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Mrs. Villiers: To ask the Chancellor of the Exchequer what steps he has taken to induce local and central government to cooperate to encourage dissemination of best practice and innovation on reducing emissions by the public sector. 
John Healey: Budget 2006 announced a seminar to be held at HM Treasury later this year to bring together central and local government to encourage the further dissemination of best practice and innovation to reduce emissions in the public sector. The purpose of this was to encourage and motivate more local authorities to reduce their carbon emissions. Since the announcement, Treasury officials have worked closely with other Departments to plan the event, which will be held during the autumn.
Mr. Laws: To ask the Chancellor of the Exchequer what his latest estimate is of the fraud and error rate in (a) percentage terms and (b) cash terms for (i) child benefit and (ii) the child trust fund; and if he will make a statement. 
Dawn Primarolo: It is estimated that in 2005-06 the rate of fraud on child benefit is around 0.1 per cent. or around £10 million in cash terms and the estimated rate of error is around 0.03 per cent. or £3 million in cash terms.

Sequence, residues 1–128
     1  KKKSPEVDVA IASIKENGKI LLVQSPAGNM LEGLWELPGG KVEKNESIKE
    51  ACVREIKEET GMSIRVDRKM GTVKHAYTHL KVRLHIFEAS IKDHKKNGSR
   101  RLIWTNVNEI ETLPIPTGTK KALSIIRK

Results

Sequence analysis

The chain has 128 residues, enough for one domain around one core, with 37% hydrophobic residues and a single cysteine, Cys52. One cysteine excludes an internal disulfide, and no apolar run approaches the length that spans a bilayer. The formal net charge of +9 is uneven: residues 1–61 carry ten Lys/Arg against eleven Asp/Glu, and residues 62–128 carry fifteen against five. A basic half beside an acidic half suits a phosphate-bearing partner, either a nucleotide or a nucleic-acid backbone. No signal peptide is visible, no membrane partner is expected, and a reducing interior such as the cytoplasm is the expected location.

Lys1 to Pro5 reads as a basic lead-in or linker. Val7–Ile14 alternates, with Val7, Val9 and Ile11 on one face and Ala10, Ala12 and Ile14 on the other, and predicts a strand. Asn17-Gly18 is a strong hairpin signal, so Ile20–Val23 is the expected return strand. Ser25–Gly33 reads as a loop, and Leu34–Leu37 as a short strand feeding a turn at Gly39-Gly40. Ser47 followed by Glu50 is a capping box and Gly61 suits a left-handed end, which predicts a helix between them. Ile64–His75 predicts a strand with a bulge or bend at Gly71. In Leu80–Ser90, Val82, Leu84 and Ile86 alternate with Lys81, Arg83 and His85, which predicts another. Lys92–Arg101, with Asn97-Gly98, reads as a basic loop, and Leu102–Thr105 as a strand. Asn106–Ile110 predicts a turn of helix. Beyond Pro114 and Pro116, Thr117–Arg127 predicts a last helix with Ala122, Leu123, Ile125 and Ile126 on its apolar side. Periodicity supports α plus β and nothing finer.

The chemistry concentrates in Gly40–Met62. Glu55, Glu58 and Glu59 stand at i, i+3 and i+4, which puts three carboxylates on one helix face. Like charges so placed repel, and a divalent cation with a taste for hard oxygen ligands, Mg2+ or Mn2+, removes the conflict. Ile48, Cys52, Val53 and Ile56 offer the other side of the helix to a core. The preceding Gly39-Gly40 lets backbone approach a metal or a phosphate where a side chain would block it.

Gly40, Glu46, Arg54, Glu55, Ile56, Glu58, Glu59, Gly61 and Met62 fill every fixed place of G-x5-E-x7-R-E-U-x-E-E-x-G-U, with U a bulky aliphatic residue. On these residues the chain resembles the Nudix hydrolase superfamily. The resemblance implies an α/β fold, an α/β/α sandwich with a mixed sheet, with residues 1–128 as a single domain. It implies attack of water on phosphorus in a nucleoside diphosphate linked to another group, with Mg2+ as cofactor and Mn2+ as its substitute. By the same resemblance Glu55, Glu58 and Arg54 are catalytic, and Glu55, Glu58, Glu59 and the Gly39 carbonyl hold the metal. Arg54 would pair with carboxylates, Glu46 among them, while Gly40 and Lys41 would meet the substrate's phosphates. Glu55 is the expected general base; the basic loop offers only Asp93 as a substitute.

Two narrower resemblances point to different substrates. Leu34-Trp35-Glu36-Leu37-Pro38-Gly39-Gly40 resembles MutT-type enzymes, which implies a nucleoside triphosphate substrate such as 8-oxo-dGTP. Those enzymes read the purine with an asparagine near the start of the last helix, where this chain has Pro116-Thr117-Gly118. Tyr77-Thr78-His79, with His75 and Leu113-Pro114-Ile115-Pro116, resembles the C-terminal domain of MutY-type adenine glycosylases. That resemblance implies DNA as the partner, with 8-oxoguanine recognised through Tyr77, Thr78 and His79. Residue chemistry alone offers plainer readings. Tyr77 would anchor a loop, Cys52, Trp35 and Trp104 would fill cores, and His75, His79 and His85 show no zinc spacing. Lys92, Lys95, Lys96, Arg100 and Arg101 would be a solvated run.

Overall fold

For the child trust fund, the issue of the initial voucher is dependent on a successful child benefit application. The low rate of error and fraud in child benefit suggests a low rate of error and fraud in the child trust fund.
Mr. Weir: To ask the Chancellor of the Exchequer how many (a) USB (i) flash drives and (ii) memory sticks, (b) compact discs, (c) DVD-ROM discs, (d) laptop computers, (e) external computer hard drives, (f) internal computer hard drives and (g) desktop computers were purchased for use in his Department in each month since March 2005. 
|Laptop computers||External computer hard drives||Desktop computers|
1. No internal computer hard drives have been purchased since March 2005.
2. The numbers given for USB. Compact discs and DVD discs are not held in the form requested.